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Dividend Growth vs Dividend Yield in the long run

Here is a good post for yield investors. Here Dividend Growth Investor highlights why it is worthwhile to invest in a company with consistent dividend growth rather than one with a terminal dividend yield.

As an individual investor and blogger I do what I preach. I have a dividend portfolio which consists of almost 40 individual issues, most of them dividend achievers or aristocrats. I often get criticized by readers for writing about stocks which many seem to have a low current yield, despite having a history of increasing in dividends. Those readers believe that finding a high yielding stock is the best income play for the long term. In other words stocks that pay over 8% but do not raise distributions are viewed favorably than stocks which currently yield 2%-3%, but grow their dividends consistently.
The reason why I consider dividend growth investing a superior investment strategy is because it focuses not only on delivering a rising stream of income but also on total returns. To the untrained eye it might appear that investing in Abbott Labs (ABT) or Johnson & Johnson (JNJ) is a poor choice, especially since these companies yield 3%. The main advantage of these companies of course is that they have always paid a low current dividend yield, but have grown their payment in the process. The stock price typically adjusts upward, which decreases the current yield to a normal range. Thus these dividend growth stocks deliver total returns which high yielders cannot match in the long run. In addition to that the rising dividend payment increases the yield on cost on the original investment.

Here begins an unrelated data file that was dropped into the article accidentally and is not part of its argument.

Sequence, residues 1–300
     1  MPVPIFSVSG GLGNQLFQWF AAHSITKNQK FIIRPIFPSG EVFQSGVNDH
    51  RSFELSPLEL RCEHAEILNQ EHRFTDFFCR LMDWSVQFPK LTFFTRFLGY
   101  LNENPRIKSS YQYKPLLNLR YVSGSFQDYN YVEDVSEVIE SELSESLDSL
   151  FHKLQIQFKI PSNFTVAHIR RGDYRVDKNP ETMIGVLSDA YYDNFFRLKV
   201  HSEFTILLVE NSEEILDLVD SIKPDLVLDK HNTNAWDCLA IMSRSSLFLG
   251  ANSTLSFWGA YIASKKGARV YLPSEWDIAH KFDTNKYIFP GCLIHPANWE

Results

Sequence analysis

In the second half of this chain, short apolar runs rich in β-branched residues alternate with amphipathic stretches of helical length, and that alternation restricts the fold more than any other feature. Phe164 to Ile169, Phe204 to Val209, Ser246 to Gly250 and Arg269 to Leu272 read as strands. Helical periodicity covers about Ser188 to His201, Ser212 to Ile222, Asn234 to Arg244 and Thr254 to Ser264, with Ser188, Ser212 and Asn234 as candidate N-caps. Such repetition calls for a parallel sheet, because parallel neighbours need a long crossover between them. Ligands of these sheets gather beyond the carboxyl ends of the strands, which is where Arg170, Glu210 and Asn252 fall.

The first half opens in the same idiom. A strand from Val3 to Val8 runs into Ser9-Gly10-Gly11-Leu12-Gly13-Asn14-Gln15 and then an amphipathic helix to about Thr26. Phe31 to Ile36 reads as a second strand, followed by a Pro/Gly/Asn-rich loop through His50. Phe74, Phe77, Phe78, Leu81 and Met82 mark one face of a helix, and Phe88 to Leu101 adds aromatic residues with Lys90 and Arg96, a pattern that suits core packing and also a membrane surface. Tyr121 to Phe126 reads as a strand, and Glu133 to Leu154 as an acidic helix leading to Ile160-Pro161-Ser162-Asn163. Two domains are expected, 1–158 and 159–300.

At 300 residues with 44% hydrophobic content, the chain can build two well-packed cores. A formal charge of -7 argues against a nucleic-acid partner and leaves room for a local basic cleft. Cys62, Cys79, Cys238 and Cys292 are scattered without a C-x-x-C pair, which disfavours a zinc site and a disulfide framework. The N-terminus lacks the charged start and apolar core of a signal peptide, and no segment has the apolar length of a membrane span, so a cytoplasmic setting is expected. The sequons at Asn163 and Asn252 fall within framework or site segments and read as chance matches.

Let’s illustrate this with an example. Abbott Labs (ABT) is a dividend aristocrat which has raised distributions for 37 years in a row. It yields 3% right now, but has a ten year dividend growth rate of 9%. At this rate the company would double its dividend every 8 years. The growth has slowed over the past decade however – since 1983 the dividend growth was almost 13.1% per annum. The stock yielded 2.2% in 1983, which was hardly under the radar of any yield chaser. In fact the current yield at year-end for Abbott fluctuated between a low of 1.20% in 1998 and a high of 2.89% in 2009. The visionary investor who purchased Abbott at the end of 1983 achieved a yield on cost of 10% in 1992 in addition to holding onto a five-bagger. Twenty six years later this investor would have achieved a yield on cost of 55%, which is something that even the highest yielding stock out there cannot match.

An investor in a high yielding stock in 1983 would have most likely kept on receiving a high current yield for a long period of time. The main issue with this scenario is that the purchasing power of the flat dividend payment would have been cut in half over the past quarter of a century. Similarly an investor in 30 year US Treasury Bonds would have kept receiving the same amount of income each year. Check my analysis of Abbott Labs.

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Thursday 11th of March 2010

Very interesting post, thanks for sharing!

I have recently started my own portfolio of dividend paying stocks, and look forward to seeing it grow over time!


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